3 spine surgeons on other countries where they'd like to practice and why

Alan Condon -   Print  |

Whether it's for procedural expertise, humanitarian reasons or medical tourism, three spine surgeons discuss countries outside the U.S. they would consider practicing in and why.

Ask Spine Surgeons is a weekly series of questions posed to spine surgeons around the country about clinical, business and policy issues affecting spine care. We invite all spine surgeon and specialist responses.

Next week's question: What was the last big capital investment at your practice? What was your funding strategy?

Please send responses to Alan Condon at acondon@beckershealthcare.com by 5 p.m. CST Wednesday, Dec. 2.

Note: The following responses were lightly edited for style and clarity.

Question: In what other country, if any, would you consider practicing spine surgery? Why?

Todd Lanman, MD. Lanman Spinal Neurosurgery (Beverly Hills, Calif.): Australia and Germany come to mind. These two countries have extensive experience in arthroplasty, and are quite welcoming to it, as well as medical tourism. They're very friendly to international surgeons, observing and working within their systems.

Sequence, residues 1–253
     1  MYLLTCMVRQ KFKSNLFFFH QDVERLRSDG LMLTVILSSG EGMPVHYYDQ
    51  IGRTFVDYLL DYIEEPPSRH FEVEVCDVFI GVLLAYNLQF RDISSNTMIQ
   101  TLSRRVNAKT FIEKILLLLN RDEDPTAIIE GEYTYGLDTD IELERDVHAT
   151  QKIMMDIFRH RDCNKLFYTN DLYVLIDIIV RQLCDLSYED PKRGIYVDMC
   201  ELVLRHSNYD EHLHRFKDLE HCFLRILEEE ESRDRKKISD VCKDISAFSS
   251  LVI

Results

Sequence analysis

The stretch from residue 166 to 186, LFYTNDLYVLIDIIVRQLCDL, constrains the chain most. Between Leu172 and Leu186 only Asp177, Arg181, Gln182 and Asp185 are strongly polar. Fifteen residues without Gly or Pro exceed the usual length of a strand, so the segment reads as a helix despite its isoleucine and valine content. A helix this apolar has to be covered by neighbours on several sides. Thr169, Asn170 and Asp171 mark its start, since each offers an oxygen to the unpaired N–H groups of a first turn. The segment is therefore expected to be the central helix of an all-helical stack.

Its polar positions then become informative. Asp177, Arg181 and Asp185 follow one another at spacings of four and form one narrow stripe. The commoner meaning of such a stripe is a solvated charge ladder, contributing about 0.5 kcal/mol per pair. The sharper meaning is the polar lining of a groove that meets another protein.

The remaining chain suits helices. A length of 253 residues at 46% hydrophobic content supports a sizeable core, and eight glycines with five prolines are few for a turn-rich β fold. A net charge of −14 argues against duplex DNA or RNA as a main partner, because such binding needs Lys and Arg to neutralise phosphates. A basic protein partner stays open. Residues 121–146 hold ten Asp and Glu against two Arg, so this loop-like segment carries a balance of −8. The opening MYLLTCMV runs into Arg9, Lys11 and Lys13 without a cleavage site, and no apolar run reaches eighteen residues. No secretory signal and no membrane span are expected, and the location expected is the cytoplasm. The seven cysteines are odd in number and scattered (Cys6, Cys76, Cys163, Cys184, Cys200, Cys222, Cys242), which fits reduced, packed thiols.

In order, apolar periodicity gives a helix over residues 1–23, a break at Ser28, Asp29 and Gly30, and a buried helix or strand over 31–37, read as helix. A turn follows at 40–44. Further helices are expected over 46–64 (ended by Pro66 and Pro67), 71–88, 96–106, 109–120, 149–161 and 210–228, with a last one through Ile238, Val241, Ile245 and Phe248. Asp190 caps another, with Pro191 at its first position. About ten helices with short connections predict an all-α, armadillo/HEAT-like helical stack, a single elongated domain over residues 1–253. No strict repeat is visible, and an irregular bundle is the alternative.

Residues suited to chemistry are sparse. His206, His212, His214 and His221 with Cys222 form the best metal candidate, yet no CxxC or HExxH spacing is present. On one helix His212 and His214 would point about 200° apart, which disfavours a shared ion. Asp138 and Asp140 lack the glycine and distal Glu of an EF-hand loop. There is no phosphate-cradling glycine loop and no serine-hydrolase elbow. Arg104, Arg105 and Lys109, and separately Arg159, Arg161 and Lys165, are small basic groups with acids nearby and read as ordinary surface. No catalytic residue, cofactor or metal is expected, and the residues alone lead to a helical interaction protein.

Hamid Abbasi, MD. PhD. Inspired Spine (Burnsville, Minn.): Nowhere. I don't think any country in the world parallels the U.S. in our level of expertise or innovation. Not yet.

Issada Thongtrangan, MD. Microspine (Phoenix): I would like to return back to my home country, Thailand. My ultimate goal is to teach and spread knowledge to the younger generations, so they can serve the community. I would love to volunteer in an underserved area in my home country. Some other parts of the world such as Nepal, Bhutan and Mongolia, etc., also interest me as there are a lot of rural regions that have no access to healthcare at all. I would love to volunteer there and use my skills to help those as much as I possibly can. 

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